60 Second Bulletin: That Class Sketch

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Afternoon,

For many a year, British society could be summed up by watching the classic John Cleese, Ronnie Barker and Ronnie Corbett ‘class sketch’ first aired in 1966.

For those of you too young to remember this (obviously including myself), the sketch features the three comedy icons stood in height order, representing the upper class, middle class and lower class Britain. The late Ronnie Corbett, representing the traditional working man, repeatedly says “I know my place”.

Well the election on 8th June shows that voters don’t necessarily know their place. Whilst Jeremy Corbyn is being hailed as the real winner from the election (another sign of the strange times we live in), it is also true that Mrs May’s disastrous campaign did manage some successes in parking the Tory tanks on Labour’s lawn.

Places like Mansfield, Walsall, Middlesbrough and Stoke-on-Trent punted for the blue rosette for the first time in decades (in some cases, ever). Unfortunately for Labour, northern and midland working class voters appeared to no longer “know their place”.

But of course, neither did a lot of traditional middle class voters, perhaps summed up perfectly by Kensington backing Comrade Corbyn.

Is this a sign that the class system in Britain is dead? Or that it is just being reconfigured? As polling companies have shown for a while that we can actually be divided up into six classes, including “Not working” class.

One of the other lines from the iconic Frost Report sketch is the upper and middle class Cleese and Barker “looking down” on working class Corbett. With Brexit driving a wedge between well-heeled, university educated urban voters and traditional working class communities in “left behind” Britain, it could be that voting Labour is now how the new metropolitan elite “look down” on the Conservative voting hinterland.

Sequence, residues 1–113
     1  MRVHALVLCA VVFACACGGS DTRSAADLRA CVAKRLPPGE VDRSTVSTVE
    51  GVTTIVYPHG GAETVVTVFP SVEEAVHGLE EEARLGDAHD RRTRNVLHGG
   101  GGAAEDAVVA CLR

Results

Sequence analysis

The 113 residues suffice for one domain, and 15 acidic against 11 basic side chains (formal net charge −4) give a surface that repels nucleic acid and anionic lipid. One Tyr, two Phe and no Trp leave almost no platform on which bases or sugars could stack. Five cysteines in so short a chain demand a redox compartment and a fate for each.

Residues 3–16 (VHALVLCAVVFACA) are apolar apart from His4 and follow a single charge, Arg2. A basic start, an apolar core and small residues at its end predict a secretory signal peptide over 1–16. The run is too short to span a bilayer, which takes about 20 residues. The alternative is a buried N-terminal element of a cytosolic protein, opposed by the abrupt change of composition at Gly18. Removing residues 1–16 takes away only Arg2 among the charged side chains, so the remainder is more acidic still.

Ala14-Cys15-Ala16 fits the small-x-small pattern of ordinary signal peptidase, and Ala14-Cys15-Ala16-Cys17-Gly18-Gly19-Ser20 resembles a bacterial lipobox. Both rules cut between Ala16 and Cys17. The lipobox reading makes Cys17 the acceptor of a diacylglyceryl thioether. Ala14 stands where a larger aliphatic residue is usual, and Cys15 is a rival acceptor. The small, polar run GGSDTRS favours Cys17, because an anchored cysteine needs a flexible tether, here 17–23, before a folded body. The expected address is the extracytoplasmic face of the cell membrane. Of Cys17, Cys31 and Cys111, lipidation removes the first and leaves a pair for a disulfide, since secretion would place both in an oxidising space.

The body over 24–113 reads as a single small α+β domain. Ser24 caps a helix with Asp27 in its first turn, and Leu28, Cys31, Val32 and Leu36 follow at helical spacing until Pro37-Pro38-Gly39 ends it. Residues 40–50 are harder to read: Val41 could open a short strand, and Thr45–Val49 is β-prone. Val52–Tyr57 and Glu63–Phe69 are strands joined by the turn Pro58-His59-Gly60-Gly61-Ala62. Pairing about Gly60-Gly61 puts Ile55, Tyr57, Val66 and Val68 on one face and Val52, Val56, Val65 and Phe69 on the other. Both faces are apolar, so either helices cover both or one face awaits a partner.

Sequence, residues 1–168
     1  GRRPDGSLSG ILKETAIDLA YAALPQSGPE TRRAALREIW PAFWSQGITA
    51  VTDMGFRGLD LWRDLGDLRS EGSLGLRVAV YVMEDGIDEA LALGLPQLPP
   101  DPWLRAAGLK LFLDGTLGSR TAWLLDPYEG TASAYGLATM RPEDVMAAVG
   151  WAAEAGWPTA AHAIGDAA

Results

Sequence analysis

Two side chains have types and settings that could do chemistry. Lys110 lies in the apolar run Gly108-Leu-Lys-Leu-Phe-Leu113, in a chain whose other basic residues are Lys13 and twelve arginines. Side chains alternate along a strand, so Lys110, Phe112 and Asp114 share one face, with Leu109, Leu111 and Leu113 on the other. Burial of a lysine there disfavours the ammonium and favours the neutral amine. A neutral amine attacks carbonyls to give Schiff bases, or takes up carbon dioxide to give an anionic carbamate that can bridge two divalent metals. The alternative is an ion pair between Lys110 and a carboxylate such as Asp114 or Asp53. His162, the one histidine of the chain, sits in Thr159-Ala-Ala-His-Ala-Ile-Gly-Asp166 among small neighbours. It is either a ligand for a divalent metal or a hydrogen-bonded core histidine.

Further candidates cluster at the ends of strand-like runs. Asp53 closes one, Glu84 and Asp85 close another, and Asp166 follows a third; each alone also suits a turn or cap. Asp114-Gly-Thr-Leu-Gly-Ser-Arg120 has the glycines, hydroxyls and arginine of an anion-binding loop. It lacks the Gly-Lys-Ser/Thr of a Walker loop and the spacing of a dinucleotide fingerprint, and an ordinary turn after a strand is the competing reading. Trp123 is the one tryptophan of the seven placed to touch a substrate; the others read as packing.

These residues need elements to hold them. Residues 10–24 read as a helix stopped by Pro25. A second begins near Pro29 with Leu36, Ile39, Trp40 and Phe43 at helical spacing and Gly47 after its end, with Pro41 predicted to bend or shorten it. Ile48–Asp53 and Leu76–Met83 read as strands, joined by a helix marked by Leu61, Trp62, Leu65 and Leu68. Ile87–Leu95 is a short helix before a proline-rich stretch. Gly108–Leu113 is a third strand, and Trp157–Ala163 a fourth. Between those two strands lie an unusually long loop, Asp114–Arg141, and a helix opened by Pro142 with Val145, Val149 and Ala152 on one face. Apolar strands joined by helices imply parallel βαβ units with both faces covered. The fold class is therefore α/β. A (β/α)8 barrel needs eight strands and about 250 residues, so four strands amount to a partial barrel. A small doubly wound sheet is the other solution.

Strange times indeed.

Tom

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Curtin&Co specialises in the fields of Community Consultation and Political Engagement, especially around development, and Reputation & Crisis Management.

Curtin&Co has grown rapidly to a team of over 20 highly qualified political, community engagement and reputation management specialists, having been founded by Tom Curtin in 2009.  In 2016, Curtin&Co was delighted to be listed in PR Week’s Top 150 Public Relations consultancies at number 86 and in the Top 10 Public Affairs consultancies at number 8; a recognition of the quality of the service and growth achieved.

To find out more visit www.curtinandco.com or call Katy Katani on 0207 399 2288